About the Author

Marilyn Reynolds is the author of eleven books of realistic teen fiction: Telling, Shut Up, No More Sad Goodbyes, If You Loved Me, Love Rules, Baby Help, But What About Me?, Beyond Dreams, Too Soon for Jeff Detour for Emmy, and Eddie's Choice all part of the popular and award-winning True-to-Life Series from Hamilton High. Marilyn is also the author of a book for educators, I Won’t Read and You Can’t Make Me: Reaching Reluctant Teen Readers, and a collection of essays, Over 70 and I Don’t Mean MPH. Her newest book is a memoir, 'Til Death or Dementia Do Us Part (2017) available from River Rock Books. She has a variety of published personal essays to her credit, and was nominated for an Emmy for the ABC Afterschool Special teleplay of Too Soon for Jeff.

Ms. Reynolds worked with reluctant learners and teens in crises at a southern California alternative high school for thirty years. She remains actively involved in education through author presentations to middle and high school students ranging from struggling readers to highly motivated writers who are interested in developing work for possible publication.

In the introduction to her book on techniques to help reluctant readers (I Won’t Read and You Can’t Make Me), Marilyn writes: “Over time I came to realize that the greatest gift I could give  to my students, many of whom would have no formal schooling after they left [high school], was the gift of a reading habit. Silent reading time became the backbone of my program.” She quotes a study in the the Los Angeles Times reporting that the single most significant factor in determining a person’s success in life is whether they read for pleasure.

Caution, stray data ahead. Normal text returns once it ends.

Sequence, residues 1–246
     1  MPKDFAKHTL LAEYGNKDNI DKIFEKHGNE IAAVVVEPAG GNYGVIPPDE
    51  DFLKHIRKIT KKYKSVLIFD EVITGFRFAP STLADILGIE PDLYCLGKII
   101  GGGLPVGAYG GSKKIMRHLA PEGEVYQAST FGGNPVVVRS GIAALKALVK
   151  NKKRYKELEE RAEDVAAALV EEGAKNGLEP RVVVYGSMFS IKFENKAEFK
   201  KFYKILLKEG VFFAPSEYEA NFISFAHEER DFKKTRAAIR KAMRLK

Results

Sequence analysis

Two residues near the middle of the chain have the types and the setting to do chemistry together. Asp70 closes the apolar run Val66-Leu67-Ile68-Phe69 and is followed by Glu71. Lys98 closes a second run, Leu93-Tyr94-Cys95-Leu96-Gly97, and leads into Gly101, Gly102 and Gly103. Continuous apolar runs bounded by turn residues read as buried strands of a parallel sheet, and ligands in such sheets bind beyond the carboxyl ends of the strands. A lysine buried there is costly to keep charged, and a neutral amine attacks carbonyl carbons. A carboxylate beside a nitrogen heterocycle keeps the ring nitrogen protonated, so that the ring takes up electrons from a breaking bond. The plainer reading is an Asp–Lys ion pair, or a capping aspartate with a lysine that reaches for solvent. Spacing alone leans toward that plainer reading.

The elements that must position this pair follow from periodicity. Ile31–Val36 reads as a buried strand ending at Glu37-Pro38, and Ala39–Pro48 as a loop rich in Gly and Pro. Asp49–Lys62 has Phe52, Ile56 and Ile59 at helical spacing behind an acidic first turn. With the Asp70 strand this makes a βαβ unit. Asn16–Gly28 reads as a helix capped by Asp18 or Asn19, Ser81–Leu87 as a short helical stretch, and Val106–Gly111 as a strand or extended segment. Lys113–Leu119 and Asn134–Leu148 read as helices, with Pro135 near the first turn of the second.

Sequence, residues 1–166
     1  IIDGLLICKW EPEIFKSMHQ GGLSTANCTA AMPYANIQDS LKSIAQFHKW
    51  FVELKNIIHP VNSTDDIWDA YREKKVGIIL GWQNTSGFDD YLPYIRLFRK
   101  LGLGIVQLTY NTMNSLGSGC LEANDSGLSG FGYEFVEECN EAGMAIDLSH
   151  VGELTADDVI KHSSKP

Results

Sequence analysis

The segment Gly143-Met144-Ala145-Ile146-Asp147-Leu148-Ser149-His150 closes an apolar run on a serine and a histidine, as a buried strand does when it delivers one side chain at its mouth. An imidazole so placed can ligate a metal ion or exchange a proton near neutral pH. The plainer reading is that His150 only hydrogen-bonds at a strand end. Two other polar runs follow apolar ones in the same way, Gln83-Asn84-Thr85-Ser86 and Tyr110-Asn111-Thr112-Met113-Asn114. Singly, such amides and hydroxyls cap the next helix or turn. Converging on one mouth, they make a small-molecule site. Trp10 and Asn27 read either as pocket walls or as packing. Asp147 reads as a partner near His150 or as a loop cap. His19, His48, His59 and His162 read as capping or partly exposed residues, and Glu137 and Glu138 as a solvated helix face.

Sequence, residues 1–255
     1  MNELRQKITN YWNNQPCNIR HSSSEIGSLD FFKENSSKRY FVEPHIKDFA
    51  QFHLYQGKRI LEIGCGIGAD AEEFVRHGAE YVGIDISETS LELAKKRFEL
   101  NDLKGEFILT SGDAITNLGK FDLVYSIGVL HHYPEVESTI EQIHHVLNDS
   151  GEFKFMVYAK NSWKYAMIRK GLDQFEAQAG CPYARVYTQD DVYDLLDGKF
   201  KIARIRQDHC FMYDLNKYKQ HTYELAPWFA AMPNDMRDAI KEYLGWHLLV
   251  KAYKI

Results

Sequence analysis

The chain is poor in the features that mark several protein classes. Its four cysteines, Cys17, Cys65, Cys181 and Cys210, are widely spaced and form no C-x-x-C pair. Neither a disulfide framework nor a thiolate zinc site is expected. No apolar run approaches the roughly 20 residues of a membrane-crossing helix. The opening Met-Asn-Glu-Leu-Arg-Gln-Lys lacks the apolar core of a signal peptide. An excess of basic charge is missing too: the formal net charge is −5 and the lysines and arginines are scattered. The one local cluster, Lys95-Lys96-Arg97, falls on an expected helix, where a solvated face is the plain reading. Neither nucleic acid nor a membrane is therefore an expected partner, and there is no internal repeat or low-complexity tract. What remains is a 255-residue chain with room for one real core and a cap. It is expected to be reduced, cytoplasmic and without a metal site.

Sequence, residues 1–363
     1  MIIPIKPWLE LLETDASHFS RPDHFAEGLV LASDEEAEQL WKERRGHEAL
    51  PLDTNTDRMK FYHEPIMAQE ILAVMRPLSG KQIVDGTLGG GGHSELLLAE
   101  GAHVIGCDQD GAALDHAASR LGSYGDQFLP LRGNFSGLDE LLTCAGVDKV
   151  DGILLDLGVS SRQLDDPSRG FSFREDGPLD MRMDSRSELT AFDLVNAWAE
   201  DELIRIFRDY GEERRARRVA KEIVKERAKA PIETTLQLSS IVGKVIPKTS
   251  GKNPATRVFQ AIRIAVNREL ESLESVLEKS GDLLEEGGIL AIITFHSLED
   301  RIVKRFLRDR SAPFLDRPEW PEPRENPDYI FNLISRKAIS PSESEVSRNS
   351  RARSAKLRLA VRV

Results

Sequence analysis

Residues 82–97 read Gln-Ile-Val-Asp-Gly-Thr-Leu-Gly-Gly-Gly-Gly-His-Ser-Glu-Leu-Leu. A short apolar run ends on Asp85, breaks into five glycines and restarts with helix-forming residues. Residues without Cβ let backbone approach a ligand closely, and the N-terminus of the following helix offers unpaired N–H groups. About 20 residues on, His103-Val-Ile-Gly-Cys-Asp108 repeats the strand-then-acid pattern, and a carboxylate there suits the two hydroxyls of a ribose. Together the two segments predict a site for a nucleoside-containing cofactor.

She published her first novel, Telling, with the encouragement of Gloria Miklowitz, a well-known writer of young adult fiction. Telling deals with molestation, and students at her school became avid readers (and critics) of the manuscript. In the process, “students were developing a critical sense, using literary terms, analyzing character and motivation. And they were paying attention to the specifics of language use.”

Encouraged by the experience, she went on to write a realistic novel about teen pregnancy, Detour for Emmy, followed by nine more titles in the series. She believes that “the essence of sustained silent reading has to do with the increased understanding of one’s self and the world, of enabling the wounded to heal, the isolated to know they are not alone, the bigoted to see the humanity of others.”

Marilyn Reynolds is a passionate advocate of the benefits of writing in addition to reading. She promotes writing through participation in the 916 Ink program, and works with incarcerated youth in the Sacramento area. She engages with teens in a local continuation high school, and through visiting schools as an author. She also presents staff development workshops for educators and is a frequent guest speaker for programs and organizations that serve teens, parents, teachers, and writers.

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Other Books By Marilyn Reynolds